As for Schoenberg’s 1937 orchestration of the Brahms G Minor Piano Quartet: it manages to sound like neither Brahms nor Schoenberg.  It’s a fascinating piece, whose creation shows another element of Schoenberg’s supreme self-confidence: “I think I resolved this problem [of chord figures], but this merit of mine will not mean very much to our present day musicians because they do not know about them and if you tell them there are such, they do not care.”  Hmm.  Yes.  Well.  Robert Craft clearly cares a great deal, and his reading of this work makes it a genuine showpiece, with a finale whose trumpet glissandi, xylophone and glockenspiel speak of gleeful virtuosity for its own sake.

     While Schoenberg was going down his various roads, Dmitri Shostakovich was looking for his.  In the 1930s, Shostakovich wrote three full-length ballets that were intended as models of the sort of uplifting, socially conscious music that was expected in the newly coalescing Soviet Union.  The Golden Age (1930) was the first, followed by The Bolt (1931) and The Limpid Stream (1934), both of which reuse some Golden Age material.  Shostakovich had real talent for theater composition, although he eventually abandoned it in favor of symphonies, chamber pieces and opera.  The Golden Age at its full two-and-a-half-hour length is a lot to take, even in a performance as splendid as José Serebrier’s with the Royal Scottish National Orchestra.  The music is just so determinedly upbeat for all Soviet-related elements, and so black-and-white in its characterizations, that it is really a bit much.  And many of the scene titles, which were seriously meant, are laughable today: “A Rare Case of Mass Hysteria,” “Conversation between the Director of the Exhibition and the Fascist,” “Mime of the Agents Provocateurs,” “The Touching Coalition of the Classes, Slightly Fraudulent,” and so on.  The ballet’s story is about a Soviet soccer team that visits a Western city and finds its heroism undermined by bourgeois hostility and decadence, until the eventual “Total Unveiling of the Conspiracy” and a surprisingly Tchaikovskian “Final Dance of Solidarity.”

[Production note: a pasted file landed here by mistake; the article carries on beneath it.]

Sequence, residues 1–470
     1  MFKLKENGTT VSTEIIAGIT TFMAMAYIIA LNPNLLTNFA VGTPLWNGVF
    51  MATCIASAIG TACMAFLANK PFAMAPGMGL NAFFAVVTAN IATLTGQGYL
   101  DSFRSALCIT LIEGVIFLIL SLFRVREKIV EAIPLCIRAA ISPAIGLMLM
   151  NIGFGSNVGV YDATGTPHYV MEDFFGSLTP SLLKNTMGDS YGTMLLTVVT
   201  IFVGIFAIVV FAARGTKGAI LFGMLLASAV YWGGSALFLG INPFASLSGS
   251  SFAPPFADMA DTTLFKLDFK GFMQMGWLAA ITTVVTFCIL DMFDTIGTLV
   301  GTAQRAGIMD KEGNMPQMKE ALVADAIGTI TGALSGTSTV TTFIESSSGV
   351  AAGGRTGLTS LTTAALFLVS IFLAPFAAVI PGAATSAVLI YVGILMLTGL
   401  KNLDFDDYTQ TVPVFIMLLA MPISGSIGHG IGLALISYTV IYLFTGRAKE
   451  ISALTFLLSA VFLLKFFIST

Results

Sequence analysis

There are a few excellent pieces within the ballet, including a beautiful, symphonic Adagio called “Dance of Diva” (the work’s longest piece), a showstopping Cancan at the end of the fifth of the six scenes, a Polka that has become well known and that uses the xylophone intriguingly, and an entr’acte consisting of Shostakovich’s arrangement of the song “Tea for Two.”  But much of the music is aggressively strident, punching its way through major key after major key – although flashes of Shostakovich’s sarcasm are everywhere.  The ballet was a failure – as choreography, not ideology – and only a few pieces from it are performed nowadays.  In some ways it represents the road not taken by Shostakovich, who grew constantly as an artist despite Soviet strictures and occasional official condemnation.  Like his Third Symphony (“The First of May”) of 1929, The Golden Age celebrates what deserves little celebration.  But it is a fascinating work to hear – perhaps not straight through, but certainly bit by bit.

No comments:

Post a Comment